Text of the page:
In this chapter, the way each means of transport has addressed the issues will be reviewed. As shown in Table 1, various measures were adopted to address the issues with each transport mode but due to the difference in the number of passengers, the operational environment and costs, different solutions were applied. The overall trend is to improve the level of equipment using the latest technologies since the policies or rules to remove the environmental factors that may lead to accidents are nearly complete.

    In the field of air travel, a large number of casualties are involved in the case of accidents. As such, new systems are quickly adopted. In particular, since the adoption of TCAS(ICAO, 2006), it has become the norm to analyze each accident to make improvements to either the preventive system or the training system.

    With railways, collisions are a rare occurrence and along with progress in technologies to decrease casualties in the case of accidents, proactive measures to prevent collisions are rapidly improving. Moreover, since land transport can more easily use wireless communication compared to air travel or maritime travel, progress in such preventive measures is moving at an even swifter rate.

    Meanwhile, in the case of maritime transport, great effort has been made including the adoption of radars and the establishment of rules to prevent collisions, but the pace of progress has been slow compared to other transport modes.

    An analysis of the cause of collisions in maritime traffic in the past five years (2014-2018) indicates that in most cases, the collision was due to not observing the borders, which is considered negligence in navigation(KMST, 2019). In a majority of the cases, it was not until the distance from the other ship was shorter than one mile or when the collision had actually happened that the operator realized they were so close to the other ship(KMST, 2019b). When categorized by the type of ship, there were significantly more collisions between the fishing ships or between a fishing ship and a non-fishing ship than the other cases(KMST, 2019b), which raises the need for the development of a new warning system against collisions(KMST, 2019a).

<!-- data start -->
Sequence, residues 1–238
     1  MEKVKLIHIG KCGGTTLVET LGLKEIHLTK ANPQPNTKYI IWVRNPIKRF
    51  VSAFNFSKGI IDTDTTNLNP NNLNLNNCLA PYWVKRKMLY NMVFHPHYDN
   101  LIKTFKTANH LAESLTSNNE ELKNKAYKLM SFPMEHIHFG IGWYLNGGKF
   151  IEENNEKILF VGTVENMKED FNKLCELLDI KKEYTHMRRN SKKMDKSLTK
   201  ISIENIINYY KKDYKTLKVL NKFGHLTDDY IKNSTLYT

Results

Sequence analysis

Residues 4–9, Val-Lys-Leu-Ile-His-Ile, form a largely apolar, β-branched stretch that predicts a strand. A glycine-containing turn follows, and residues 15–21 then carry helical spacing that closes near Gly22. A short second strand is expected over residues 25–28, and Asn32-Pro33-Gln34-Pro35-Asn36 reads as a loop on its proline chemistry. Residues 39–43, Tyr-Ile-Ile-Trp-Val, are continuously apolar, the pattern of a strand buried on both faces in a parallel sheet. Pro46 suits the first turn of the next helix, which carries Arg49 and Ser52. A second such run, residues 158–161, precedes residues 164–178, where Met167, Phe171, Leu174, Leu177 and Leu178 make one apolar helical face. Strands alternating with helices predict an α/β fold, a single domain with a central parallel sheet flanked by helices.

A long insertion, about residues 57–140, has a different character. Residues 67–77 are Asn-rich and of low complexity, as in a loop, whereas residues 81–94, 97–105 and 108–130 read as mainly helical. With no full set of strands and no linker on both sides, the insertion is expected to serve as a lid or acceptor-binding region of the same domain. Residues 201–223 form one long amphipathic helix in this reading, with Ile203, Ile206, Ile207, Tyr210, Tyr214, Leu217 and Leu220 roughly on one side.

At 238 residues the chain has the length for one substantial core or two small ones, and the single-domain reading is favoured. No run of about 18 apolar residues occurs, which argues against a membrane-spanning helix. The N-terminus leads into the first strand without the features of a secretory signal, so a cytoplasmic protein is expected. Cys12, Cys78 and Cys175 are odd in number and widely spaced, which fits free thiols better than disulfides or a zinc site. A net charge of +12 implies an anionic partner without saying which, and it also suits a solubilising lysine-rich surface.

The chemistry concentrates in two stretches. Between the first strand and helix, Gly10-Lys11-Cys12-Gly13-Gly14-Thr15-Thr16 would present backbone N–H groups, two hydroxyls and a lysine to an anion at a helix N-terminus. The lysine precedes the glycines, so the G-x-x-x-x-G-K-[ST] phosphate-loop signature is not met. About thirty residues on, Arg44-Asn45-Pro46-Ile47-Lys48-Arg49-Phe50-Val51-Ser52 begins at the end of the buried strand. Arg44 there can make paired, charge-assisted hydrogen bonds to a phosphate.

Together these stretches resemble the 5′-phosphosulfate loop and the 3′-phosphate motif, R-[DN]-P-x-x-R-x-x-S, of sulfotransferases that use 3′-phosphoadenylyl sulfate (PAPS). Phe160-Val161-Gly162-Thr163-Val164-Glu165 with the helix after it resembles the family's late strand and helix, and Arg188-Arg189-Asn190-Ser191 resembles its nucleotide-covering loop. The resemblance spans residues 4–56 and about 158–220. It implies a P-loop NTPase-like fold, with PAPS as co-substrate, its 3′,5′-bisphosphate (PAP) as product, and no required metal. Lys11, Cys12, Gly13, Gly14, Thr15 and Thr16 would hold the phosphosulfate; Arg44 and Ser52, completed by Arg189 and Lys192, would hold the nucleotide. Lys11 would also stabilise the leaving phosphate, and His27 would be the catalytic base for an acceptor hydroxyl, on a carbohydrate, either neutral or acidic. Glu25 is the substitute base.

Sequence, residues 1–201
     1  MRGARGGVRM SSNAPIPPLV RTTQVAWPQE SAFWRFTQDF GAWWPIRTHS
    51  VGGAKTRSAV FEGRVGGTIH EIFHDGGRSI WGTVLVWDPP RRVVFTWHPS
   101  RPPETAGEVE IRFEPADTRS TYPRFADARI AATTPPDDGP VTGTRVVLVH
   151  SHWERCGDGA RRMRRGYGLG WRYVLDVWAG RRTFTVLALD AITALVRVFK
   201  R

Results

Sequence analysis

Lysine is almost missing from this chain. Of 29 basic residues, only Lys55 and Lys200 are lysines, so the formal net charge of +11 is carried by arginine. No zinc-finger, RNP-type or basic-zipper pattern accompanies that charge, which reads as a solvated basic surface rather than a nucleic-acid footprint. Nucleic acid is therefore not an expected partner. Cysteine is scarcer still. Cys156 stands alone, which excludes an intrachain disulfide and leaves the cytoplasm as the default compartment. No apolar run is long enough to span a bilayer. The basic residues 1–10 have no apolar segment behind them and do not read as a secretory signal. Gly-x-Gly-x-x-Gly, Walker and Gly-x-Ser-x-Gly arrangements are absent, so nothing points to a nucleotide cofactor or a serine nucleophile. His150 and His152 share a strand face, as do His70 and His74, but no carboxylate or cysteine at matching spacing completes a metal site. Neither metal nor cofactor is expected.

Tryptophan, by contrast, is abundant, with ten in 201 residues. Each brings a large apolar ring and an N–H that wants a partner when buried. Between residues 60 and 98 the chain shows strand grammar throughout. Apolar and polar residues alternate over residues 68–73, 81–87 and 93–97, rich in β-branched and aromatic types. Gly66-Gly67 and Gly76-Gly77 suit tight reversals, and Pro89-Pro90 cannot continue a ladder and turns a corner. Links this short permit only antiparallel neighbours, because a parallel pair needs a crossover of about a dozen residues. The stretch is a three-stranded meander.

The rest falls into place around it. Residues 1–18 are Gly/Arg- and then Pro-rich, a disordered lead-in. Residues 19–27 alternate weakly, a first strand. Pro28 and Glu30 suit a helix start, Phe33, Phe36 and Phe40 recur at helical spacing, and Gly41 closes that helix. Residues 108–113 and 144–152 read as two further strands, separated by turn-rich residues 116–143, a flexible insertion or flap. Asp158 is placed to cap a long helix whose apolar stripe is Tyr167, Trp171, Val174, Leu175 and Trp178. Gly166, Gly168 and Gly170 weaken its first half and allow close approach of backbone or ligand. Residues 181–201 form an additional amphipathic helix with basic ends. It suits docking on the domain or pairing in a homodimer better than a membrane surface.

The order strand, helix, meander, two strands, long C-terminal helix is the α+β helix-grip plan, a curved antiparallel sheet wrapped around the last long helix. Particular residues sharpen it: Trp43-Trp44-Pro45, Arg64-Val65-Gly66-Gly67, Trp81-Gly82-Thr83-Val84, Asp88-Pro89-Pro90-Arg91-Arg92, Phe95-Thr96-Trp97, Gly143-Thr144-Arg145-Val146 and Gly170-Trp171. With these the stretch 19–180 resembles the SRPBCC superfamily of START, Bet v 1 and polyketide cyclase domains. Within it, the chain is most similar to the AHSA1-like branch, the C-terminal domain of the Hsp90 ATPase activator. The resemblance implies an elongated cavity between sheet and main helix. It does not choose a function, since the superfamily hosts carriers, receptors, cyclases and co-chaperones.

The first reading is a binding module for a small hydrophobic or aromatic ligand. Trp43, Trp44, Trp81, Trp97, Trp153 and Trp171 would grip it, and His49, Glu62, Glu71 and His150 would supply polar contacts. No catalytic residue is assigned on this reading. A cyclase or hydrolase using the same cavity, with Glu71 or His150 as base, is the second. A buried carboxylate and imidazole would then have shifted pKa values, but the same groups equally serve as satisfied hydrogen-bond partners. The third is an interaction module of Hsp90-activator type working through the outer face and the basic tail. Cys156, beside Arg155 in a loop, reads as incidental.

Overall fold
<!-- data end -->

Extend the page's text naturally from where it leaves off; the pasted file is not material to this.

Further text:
3. Traffic Collision Avoidance System

    Unlike road transport or maritime transport modes, aircrafts cannot be halted in the air but can use a three-dimensional space. In a controlled airspace, a control system ensures aircrafts are flying at different altitudes, different locations, with different departure times or through different routes to prevent any collisions. Meanwhile, in the non-controlled airspace, a collision avoidance system is used to prevent collisions.

    The TCAS is a safety net that operates independently from the control system. It is not run when the aircraft is moving on the ground(ICAO, 2006). It is an independent safety measure that operates in both controlled and non-controlled airspace. The pilot must follow the orders of the control tower, and even without such orders if an alarm is triggered from the TCAS, he must respond accordingly. If the orders given from the control tower and the TCAS are different, then a response to the TCAS must first be carried out. This is because the TCAS is not simply one type of numerous equipment, but a system that incorporates the data received from numerous equipment to present a warning or solution for the prevention of collisions. However, since the size and weight of the equipment that can be installed on an aircraft is restrained, the system must be of a small size, and if possible, incorporated into the existing equipment.